Vascular Plants of North Carolina
Account for Dwarf Witch-alder - Fothergilla gardenii   L.
Members of Hamamelidaceae:
Members of Fothergilla with account distribution info or public map:
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Section 6 » Order Hamamelidales » Family Hamamelidaceae
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DistributionStrictly in the southern Coastal Plain, north to Johnston and Beaufort counties. The Montgomery County specimen came from near Naked Creek, 2.5 miles E of Norman.

This is a Southern species with a small range. It occurs from eastern NC south to southeastrn GA.
AbundanceGenerally uncommon to infrequent, but it can be fairly common at least locally in the Sandhills region. Rare north of the “Longleaf Pine zone” in the central Coastal Plain.
HabitatThis is one of the classic pocosin species, found in damp, acidic ground. It is most numerous in streamhead pocosins, but it also occurs at larger pocosins, particularly along the margins -– such as near rims of some Carolina bays. It may be found in savannas and flatwoods, as well. Though occasionally it may occur in sizable stands, it is usually found as scattered small groups mixed with other and often taller shrub species.
PhenologyBlooms in April and May, usually as the leaves are just unfurling and definitely not in full leaf. Fruits in September and October.
IdentificationThis is a fairly short deciduous shrub that grows only to about 2-3 feet tall. The alternate leaves are rather glaucous blue-green, being ovate to elliptic, but with the outer half of the leaves being quite coarsely toothed; they grow to about 3 inches long and about 2 inches wide. The coarsely serrated outer half of the leaves are distinct among pocosin shrub species (as Witch-Hazel [Hamamelis virginiana] seldom grows in acidic wetlands), and the glaucous color also makes the plants a bit conspicuous among most other shrubs with their bright green or dark green leaves. The inflorescence is very showy in spring, as the dozens of dense thimble-shaped clusters of small flowers, without petals but with long white stamens, gives the shrubs a glowing white look at that season.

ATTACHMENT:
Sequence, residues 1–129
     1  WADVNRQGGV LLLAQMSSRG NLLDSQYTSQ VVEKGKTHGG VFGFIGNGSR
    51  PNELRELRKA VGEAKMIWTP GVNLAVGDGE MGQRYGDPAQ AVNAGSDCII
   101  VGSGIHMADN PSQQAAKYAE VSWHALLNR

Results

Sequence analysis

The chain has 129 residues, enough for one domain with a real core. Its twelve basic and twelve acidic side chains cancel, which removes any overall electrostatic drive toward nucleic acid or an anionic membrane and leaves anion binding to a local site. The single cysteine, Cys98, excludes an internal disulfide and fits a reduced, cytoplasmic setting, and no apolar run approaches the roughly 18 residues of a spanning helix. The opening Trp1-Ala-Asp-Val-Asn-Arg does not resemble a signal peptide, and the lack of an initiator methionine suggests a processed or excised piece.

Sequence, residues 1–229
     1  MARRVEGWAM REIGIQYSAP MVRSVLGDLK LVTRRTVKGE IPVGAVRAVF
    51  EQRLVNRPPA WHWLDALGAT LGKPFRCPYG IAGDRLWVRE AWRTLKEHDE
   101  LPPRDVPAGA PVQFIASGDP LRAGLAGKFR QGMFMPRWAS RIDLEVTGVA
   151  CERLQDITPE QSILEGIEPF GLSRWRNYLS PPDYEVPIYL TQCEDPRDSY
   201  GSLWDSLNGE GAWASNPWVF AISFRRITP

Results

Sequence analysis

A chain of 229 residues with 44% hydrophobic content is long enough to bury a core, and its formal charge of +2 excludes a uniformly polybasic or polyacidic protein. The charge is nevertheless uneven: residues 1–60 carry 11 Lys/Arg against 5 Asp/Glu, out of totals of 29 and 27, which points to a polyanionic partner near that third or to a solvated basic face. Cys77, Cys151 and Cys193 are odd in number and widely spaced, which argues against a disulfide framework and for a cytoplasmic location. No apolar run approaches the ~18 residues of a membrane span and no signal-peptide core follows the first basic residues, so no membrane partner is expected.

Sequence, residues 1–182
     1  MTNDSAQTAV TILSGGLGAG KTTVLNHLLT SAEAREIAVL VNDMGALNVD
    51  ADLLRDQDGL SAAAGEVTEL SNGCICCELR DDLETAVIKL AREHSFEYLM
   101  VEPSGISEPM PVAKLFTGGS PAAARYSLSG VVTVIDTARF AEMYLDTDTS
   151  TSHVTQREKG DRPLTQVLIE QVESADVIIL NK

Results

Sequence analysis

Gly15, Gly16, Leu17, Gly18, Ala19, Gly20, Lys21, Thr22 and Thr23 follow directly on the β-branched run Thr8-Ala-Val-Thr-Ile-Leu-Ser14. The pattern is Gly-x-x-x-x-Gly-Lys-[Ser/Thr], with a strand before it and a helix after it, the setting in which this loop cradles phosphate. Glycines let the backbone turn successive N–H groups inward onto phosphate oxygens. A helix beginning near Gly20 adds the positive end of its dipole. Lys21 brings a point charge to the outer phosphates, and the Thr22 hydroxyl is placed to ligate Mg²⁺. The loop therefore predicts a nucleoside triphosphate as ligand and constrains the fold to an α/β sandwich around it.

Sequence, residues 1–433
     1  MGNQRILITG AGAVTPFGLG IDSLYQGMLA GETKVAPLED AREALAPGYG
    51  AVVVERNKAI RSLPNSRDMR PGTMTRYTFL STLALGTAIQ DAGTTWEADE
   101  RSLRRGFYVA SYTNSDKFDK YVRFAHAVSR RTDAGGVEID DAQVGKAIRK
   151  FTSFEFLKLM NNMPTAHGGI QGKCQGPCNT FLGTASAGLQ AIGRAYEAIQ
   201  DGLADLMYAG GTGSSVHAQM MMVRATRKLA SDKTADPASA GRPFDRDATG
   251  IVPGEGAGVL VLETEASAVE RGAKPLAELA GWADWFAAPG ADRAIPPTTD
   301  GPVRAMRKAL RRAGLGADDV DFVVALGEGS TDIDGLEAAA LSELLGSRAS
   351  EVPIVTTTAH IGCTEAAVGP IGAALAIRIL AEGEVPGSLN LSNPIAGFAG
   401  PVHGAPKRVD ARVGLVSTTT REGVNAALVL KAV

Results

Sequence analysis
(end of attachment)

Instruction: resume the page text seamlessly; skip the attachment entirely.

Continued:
Taxonomic CommentsA few older references listed the species as F. gardeni (instead of gardenii). Very recently, a paper was published that split gardenii into 3 species (Haynes et al. 2020). The 2 new splits occur in SC, GA, AL, and FL. All NC material remains as gardenii.

Other Common Name(s)Dwarf Fothergilla, Coastal Fothergilla, Coastal Witch-alder
State RankS3S4
Global RankG3G4
State Status
US Status
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Photo Gallery
B.A. SorrieFort Bragg, streamhead ecotone, June 1994. Fruit. HokePhoto_natural
B.A. SorrieSandhills Game Land, wet seepy ditch by Derby Road, April 2010.
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